6 ways to reduce spam complaints

When you look at the report for an email campaign, one of the most disappointing metrics is the amount of spam complaints. Hopefully your emails keep this to below .05%. The chart below from MailChimp’s Email Marketing Benchmarks, released December 2012, gives specific “abuse” rates and other metrics for email marketers in a variety of industries.

Average Email Campaign Stats of MailChimp Customers by Industry

IndustryOpenClickSoft BounceHard BounceAbuseUnsub
Agriculture and Food Services45.4%4.5%0.9%0.8%0.058%0.268%
Architecture and Construction43.8%5.2%1.4%1.1%0.038%0.222%
Arts and Artists43.1%3.4%0.8%0.8%0.047%0.237%
Beauty and Personal Care32.7%3.6%0.6%0.7%0.068%0.295%
Business and Finance32.6%3.1%1.0%0.9%0.041%0.198%
Computers and Electronics32.4%2.7%0.9%0.8%0.041%0.202%
Creative Services/Agency41.9%3.5%1.1%1.1%0.045%0.253%
Daily Deals/E-Coupons19.3%1.9%0.2%0.1%0.019%0.086%
Education and Training36.1%3.4%0.9%0.7%0.036%0.171%
Entertainment and Events25.4%2.1%0.5%0.5%0.040%0.175%
Health and Fitness32.2%3.3%0.5%0.6%0.060%0.263%
Home and Garden38.7%4.8%0.5%0.5%0.051%0.234%
Marketing and Advertising21.7%2.1%0.6%0.5%0.034%0.153%
Media and Publishing30.9%4.4%0.3%0.2%0.018%0.090%
Medical, Dental, and Healthcare30.9%3.1%0.9%0.8%0.056%0.174%
Music and Musicians30.0%2.6%0.5%0.5%0.035%0.181%
Photo and Video48.1%5.5%0.6%0.7%0.046%0.269%
Professional Services39.0%3.2%1.4%1.2%0.047%0.283%
Public Relations35.5%1.9%1.2%0.9%0.025%0.173%
Real Estate37.2%3.1%1.1%1.0%0.070%0.275%
Recruitment and Staffing23.1%4.5%0.5%0.6%0.039%0.179%
Restaurant and Venue37.8%2.2%1.0%1.0%0.059%0.353%
Social Networks and Online Communities25.0%3.5%0.4%0.4%0.032%0.160%
Software and Web App32.6%2.7%1.3%1.2%0.058%0.342%
Travel and Transportation27.7%2.8%0.7%0.6%0.046%0.202%
Vitamin supplements26.5%2.5%0.5%0.5%0.078%0.268%

Consumers see many “legitimate” marketing emails as spam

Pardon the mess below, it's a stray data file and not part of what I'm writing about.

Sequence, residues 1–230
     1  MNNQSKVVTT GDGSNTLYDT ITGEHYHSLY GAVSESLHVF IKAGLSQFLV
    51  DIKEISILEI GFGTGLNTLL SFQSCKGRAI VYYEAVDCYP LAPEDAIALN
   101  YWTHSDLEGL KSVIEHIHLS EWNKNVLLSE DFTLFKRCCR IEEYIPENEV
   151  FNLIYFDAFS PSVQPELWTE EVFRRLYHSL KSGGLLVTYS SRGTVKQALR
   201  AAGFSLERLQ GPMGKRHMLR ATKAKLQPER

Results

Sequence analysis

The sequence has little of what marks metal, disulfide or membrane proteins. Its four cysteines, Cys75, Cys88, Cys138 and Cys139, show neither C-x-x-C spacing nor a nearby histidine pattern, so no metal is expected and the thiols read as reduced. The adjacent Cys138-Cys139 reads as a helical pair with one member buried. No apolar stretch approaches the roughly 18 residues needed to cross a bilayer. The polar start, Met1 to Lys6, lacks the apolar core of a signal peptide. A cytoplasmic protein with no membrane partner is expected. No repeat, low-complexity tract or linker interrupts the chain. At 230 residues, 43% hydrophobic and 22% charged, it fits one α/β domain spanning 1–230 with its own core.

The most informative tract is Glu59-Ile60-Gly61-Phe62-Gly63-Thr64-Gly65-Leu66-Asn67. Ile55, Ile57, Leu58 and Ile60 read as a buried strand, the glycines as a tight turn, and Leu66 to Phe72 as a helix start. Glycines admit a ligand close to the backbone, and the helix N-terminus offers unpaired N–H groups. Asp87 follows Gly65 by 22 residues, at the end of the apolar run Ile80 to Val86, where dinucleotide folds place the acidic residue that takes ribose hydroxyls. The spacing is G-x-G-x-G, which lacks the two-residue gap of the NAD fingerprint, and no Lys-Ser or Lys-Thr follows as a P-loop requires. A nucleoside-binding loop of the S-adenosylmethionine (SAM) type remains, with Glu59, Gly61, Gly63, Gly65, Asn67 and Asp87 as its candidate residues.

Marketing emails make up 70% of spam complaints, according to Return Path’s 2012 Q3 Intelligence Report. That looks even worse when you consider that marketing emails account for only about 18% of overall email volume.

Even if your subscribers are well engaged, reducing the number of spam complaints you get by just one hundredth of a percent can make a big difference. Deliverability is becoming more and more of a challenge. Entities like Spamhaus are derailing entire email programs. It is time to get proactive. What worked five years or even two years ago is no longer be good enough.

It may be time to see things from your subscribers’ perspective.

Your subscribers get too many emails

When you consider what your subscribers are going through, the spam accusations make more sense. CNN reported late last year that “the average office worker spends 28% of her workday on email” and gets 147 email messages a day. She deletes half of them.

The stream of emails flows faster and faster. We’ve hit information overload. Most of us hit it a decade ago. When faced with several hundred emails a day, the sane response is to start blocking some of them. The easiest way to do that is to just click “spam”.

Why do people mark legitimate email messages as spam?

A time-pressed subscriber doesn’t want to have to hunt for the hidden unsubscribe link in an email message. They definitely do not want to fill out a survey about why they’re unsubscribing. They are already behind the curve at work, and this email you’ve sent them is taking up valuable space in their inbox. They may even get a wee bit of satisfaction – vengeance, even – by clicking “spam” rather than unsubscribing.